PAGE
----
"Killer Queen": Legendary track as Mercury once again takes it up a notch again with his vocals. The song has a theatrical feel to it. Terrific piano work is also done by Mercury. However the real underrated hero of this track is Deacon - his bass completely sets the tone for this track.
"Tenement Fuster": This song features Taylor on vocals who once again proves he can also be a lead vocalist. Taylor's high octaves give this song a prototype for some early Heavy Metal.
"Flick of the Wrist": This song has a great segue from "Tenement Fuster". Mercury takes over lead vocals for this track. Once again, Mercury demonstrates great harmonies. This song takes on more of a progressive rock feel.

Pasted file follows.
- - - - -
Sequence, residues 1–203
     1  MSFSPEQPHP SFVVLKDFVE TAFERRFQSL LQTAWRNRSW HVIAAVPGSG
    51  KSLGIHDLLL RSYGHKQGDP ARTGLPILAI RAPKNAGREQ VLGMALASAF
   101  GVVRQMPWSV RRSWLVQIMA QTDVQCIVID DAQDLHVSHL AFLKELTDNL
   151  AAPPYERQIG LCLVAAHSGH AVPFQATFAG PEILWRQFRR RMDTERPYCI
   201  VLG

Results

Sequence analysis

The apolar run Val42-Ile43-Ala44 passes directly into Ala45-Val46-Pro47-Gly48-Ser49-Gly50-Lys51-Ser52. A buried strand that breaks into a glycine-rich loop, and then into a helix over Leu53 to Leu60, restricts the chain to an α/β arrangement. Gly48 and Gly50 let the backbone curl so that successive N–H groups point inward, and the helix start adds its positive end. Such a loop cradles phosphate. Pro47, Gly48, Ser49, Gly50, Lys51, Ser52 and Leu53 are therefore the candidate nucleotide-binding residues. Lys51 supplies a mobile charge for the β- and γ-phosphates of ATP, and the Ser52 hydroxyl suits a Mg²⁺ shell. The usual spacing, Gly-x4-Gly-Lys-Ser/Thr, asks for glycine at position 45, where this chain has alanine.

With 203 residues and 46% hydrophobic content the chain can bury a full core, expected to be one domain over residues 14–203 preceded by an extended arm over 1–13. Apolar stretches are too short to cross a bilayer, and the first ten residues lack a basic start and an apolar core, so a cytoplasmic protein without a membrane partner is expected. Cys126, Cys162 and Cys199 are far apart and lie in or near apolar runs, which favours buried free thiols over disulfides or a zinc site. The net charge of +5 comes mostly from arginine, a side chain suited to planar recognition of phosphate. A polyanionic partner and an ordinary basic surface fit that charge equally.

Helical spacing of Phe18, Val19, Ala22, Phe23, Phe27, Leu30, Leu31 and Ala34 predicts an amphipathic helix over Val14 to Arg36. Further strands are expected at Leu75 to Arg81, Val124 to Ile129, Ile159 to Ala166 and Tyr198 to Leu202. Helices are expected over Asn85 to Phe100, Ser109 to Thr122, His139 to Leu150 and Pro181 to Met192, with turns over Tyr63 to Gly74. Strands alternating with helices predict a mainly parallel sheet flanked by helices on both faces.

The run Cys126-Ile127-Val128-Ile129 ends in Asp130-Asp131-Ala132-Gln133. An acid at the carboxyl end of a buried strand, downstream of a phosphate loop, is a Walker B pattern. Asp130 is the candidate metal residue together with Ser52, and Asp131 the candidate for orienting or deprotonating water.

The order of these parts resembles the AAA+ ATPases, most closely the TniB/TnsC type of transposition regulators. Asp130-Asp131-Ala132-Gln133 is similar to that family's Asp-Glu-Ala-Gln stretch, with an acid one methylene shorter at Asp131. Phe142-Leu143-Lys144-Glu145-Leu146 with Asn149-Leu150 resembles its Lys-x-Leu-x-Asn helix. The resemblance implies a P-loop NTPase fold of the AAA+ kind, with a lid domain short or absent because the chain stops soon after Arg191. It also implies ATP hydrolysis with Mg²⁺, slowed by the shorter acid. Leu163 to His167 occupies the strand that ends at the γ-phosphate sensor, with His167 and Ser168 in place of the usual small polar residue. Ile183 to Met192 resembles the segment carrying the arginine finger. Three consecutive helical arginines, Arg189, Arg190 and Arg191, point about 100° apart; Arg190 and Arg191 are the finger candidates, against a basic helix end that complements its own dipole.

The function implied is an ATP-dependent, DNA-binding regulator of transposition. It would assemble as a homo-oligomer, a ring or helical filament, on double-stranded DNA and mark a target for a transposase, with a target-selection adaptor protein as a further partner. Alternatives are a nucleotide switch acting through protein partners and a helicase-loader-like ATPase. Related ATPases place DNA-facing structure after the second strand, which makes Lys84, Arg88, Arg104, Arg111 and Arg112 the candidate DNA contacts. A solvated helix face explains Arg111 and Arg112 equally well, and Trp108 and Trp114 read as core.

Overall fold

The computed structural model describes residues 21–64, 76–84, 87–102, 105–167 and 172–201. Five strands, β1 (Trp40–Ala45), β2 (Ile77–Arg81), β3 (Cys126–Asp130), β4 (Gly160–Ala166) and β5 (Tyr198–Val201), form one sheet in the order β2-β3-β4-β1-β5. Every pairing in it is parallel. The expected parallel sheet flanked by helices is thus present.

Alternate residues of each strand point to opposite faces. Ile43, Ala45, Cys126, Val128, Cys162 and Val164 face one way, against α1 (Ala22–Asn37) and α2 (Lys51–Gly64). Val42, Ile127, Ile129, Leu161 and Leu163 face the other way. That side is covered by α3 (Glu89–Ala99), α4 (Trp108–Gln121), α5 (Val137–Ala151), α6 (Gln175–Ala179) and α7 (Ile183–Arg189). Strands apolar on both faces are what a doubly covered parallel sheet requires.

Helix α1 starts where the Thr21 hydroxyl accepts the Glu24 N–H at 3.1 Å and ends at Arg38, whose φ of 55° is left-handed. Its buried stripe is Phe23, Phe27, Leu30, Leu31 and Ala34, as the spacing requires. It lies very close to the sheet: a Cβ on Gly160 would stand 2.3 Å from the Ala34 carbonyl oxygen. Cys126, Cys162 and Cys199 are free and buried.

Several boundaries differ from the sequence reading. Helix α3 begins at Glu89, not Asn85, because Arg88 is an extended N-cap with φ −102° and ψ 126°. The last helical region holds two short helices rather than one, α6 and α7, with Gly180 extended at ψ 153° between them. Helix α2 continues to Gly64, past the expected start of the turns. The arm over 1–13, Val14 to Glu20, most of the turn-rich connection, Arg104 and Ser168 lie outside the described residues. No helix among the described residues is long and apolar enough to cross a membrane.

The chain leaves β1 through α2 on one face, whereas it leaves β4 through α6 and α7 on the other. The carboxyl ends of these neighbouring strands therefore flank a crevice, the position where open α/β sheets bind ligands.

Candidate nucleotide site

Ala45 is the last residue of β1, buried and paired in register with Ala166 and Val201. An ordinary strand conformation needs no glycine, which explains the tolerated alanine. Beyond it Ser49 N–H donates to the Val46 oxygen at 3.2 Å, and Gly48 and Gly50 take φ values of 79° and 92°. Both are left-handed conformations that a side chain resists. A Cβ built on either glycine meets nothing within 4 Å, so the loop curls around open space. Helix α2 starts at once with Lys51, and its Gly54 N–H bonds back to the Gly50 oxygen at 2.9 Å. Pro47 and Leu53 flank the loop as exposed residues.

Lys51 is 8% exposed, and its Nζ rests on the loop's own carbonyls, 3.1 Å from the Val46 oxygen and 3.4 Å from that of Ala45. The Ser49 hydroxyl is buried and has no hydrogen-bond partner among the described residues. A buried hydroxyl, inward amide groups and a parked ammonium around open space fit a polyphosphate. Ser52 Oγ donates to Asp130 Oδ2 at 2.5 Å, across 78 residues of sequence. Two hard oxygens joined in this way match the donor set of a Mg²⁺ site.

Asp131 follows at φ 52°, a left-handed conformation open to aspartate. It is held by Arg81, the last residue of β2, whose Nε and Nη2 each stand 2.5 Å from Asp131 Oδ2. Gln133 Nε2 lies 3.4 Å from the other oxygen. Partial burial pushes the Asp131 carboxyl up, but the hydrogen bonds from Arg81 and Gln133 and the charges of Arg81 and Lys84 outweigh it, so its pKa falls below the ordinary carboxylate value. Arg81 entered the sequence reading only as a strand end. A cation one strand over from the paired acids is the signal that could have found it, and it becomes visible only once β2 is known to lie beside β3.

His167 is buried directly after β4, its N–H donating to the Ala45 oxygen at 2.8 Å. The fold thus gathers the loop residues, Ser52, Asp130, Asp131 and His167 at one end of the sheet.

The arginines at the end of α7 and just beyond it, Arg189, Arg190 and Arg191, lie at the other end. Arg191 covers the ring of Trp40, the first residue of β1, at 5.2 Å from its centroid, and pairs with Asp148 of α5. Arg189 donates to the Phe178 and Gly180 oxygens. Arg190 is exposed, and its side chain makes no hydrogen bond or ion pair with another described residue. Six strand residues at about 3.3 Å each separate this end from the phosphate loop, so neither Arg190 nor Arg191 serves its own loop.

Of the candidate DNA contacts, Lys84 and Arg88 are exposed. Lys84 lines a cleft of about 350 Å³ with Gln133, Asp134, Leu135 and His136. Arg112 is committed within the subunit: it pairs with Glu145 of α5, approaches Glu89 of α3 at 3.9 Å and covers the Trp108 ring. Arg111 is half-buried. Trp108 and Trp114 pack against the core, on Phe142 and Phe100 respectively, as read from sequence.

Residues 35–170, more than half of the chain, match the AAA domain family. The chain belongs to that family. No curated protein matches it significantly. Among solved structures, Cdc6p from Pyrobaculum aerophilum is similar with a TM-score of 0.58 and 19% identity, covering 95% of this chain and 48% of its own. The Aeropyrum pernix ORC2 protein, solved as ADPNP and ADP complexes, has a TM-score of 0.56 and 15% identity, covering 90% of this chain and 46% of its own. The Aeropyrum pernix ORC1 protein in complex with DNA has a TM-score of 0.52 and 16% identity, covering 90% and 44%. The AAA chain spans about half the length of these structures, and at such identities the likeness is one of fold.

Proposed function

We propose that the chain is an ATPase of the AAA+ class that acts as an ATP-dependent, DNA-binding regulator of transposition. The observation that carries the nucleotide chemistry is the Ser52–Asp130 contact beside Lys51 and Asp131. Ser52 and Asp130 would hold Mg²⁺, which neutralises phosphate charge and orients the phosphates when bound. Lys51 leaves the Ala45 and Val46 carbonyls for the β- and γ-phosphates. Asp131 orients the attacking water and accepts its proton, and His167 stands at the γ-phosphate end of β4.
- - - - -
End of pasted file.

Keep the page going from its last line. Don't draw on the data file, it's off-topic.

"Lily of the Valley": This song has a segue from "Flick of the Wrist". This song takes a softer tone, yet still with a theatrical feel.
"Now I'm Here": Mercury shines again and shows he too can hit the high vocals. May's guitars are right on form. Terrific harmonies are prevalent throughout this track.
"In the Lap of the Gods": This track again showcases a theatrical feel to it - and Queen is awesome in doing so. This features some great piano work.
"Stone Cold Crazy": "In the Lap of the Gods" has a segue to this track. This song almost sounds like a cross between classic Rock of the fifties and early Heavy Metal.
"Dear Friends": Soft piano ballad. Not a bad song, but didn't have me doing handstands.
"Misfire": Much of this song was composed by Deacon and the fruits of his efforts shine. This song almost gives me a feel for what sound that the band Boston would feature in the late 70s.